The second place I see young people often anxiously working too hard on temporal affairs is in the hyperactive "success" culture that is present in all of our schools. The message that the world is pounding into you guys is that unless you are the best, the top student, in the most plays, starting on the most teams, then you'll never get into the best colleges. And if you don't get into the best colleges, then you won't get the best jobs. And if you don't get the best (meaning high-paying) jobs, then you'll never be happy because money = happiness. This hyper-focus on perfection, on success, coupled with the constant attention that people have on our lives because of social media (does my life look as exciting as the next person's?) lead to a crippling feeling of "never enough." No matter what I do, it's never good enough. The reason it's never enough is not because you haven't actually achieved enough; it's never enough because it's like drinking sand to satiate your violent thirst! No accomplishment can ever actually satisfy your longing for meaning, purpose, and happiness. Only encountering God in silence is going to actually fill your life with peace. Everything else is noise.
“Martha, Martha, you are anxious and worried about many things.
There is need of only one thing.
Mary has chosen the better part
and it will not be taken from her.”
Step #3: Oratio / Pray
These questions are to be used to talk to God; have a conversation with the Lord about these questions and what is going on in your heart as you pray today.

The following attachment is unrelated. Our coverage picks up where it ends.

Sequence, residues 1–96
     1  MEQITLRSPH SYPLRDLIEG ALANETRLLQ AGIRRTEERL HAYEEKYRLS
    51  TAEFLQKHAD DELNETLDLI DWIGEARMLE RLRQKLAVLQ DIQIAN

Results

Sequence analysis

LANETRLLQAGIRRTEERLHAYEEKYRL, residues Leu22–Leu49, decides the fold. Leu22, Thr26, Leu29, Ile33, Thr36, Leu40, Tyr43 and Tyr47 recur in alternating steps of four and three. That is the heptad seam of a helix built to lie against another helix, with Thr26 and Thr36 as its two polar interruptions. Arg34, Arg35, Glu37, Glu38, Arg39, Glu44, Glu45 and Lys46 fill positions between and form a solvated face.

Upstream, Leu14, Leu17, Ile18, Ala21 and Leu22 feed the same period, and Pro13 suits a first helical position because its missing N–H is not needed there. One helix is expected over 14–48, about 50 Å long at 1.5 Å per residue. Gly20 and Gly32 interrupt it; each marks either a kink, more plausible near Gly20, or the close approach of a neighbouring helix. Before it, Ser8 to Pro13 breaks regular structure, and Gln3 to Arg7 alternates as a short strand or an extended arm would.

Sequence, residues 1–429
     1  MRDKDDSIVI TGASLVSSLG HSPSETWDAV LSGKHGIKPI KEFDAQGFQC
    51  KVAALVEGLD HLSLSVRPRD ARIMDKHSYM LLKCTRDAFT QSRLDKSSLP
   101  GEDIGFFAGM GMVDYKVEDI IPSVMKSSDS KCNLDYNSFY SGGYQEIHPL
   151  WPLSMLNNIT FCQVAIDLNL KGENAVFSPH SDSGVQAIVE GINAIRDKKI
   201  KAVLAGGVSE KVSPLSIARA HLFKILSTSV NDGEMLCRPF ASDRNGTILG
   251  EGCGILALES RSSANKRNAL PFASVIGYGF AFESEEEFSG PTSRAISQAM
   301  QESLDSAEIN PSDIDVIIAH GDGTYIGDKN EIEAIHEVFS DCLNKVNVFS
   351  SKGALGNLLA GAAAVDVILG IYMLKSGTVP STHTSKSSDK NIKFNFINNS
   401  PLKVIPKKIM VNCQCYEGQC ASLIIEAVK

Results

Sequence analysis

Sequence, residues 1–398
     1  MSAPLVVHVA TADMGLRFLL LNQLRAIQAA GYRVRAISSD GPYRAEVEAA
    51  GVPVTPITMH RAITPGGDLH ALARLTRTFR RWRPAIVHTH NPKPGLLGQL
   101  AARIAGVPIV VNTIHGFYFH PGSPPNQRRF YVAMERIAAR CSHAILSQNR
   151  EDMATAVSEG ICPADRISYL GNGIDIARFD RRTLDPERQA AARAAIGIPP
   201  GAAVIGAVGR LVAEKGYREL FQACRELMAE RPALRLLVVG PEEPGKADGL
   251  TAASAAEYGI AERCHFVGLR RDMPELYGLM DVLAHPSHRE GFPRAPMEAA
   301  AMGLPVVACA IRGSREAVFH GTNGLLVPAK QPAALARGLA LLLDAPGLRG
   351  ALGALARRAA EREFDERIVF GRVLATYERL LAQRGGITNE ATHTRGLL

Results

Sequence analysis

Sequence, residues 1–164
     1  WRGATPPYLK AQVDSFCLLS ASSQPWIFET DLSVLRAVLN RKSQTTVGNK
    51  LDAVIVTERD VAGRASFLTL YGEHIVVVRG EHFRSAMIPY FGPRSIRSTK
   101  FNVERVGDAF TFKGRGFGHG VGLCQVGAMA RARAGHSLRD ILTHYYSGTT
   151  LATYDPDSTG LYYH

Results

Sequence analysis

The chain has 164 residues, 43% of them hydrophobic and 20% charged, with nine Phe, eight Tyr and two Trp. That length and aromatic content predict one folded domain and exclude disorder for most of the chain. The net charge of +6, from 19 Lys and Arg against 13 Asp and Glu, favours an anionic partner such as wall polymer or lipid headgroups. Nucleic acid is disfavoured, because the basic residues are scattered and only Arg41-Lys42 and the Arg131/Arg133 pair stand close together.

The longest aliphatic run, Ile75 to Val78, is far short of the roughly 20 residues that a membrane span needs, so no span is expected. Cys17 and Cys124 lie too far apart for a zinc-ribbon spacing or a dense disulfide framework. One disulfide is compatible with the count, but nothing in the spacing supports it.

Do you sometimes feel like you're trying to earn love from those around you? How can you step back and realize that you are loved by God despite those around you?
Have you ever found yourself focusing on your success more than anything else? Is your life hyperactive and busy? What are ways that you can slow down?
What are the things that you let worry you? How can you make time to encounter God in silence and drown out all of the noise in the rest of your life?
Step #4: Contemplatio / Contemplate
In this step, you listen. Stop talking, let God speak to your heart. You may repeat one of these short phrases to focus your mind on the Lord.
"Thank you for your love."
"All I need is you."
"You are enough for me."
Step #5: Actio / Act
In light of today's reading and your time spent in prayer with the Lord, what concrete action or actions will you take to let this encounter with Lord bear fruit in you today?
Think of a way that you can carve out time for silence in your life today. Maybe it's right now. Let God speak to you in that silence, and then go forth with the attitude of having sat at the feet of the Lord and let Him love you.
Smartphone Lock Screen
The following image is here for you to save and use as a background or lock screen on your smartphone or device to help you carry today's Lectio Divina with you the rest of the day.
Today's prayer was prepared by Tim Glemkowski, Youth Minister at Holy Cross Catholic Church in Batavia, IL.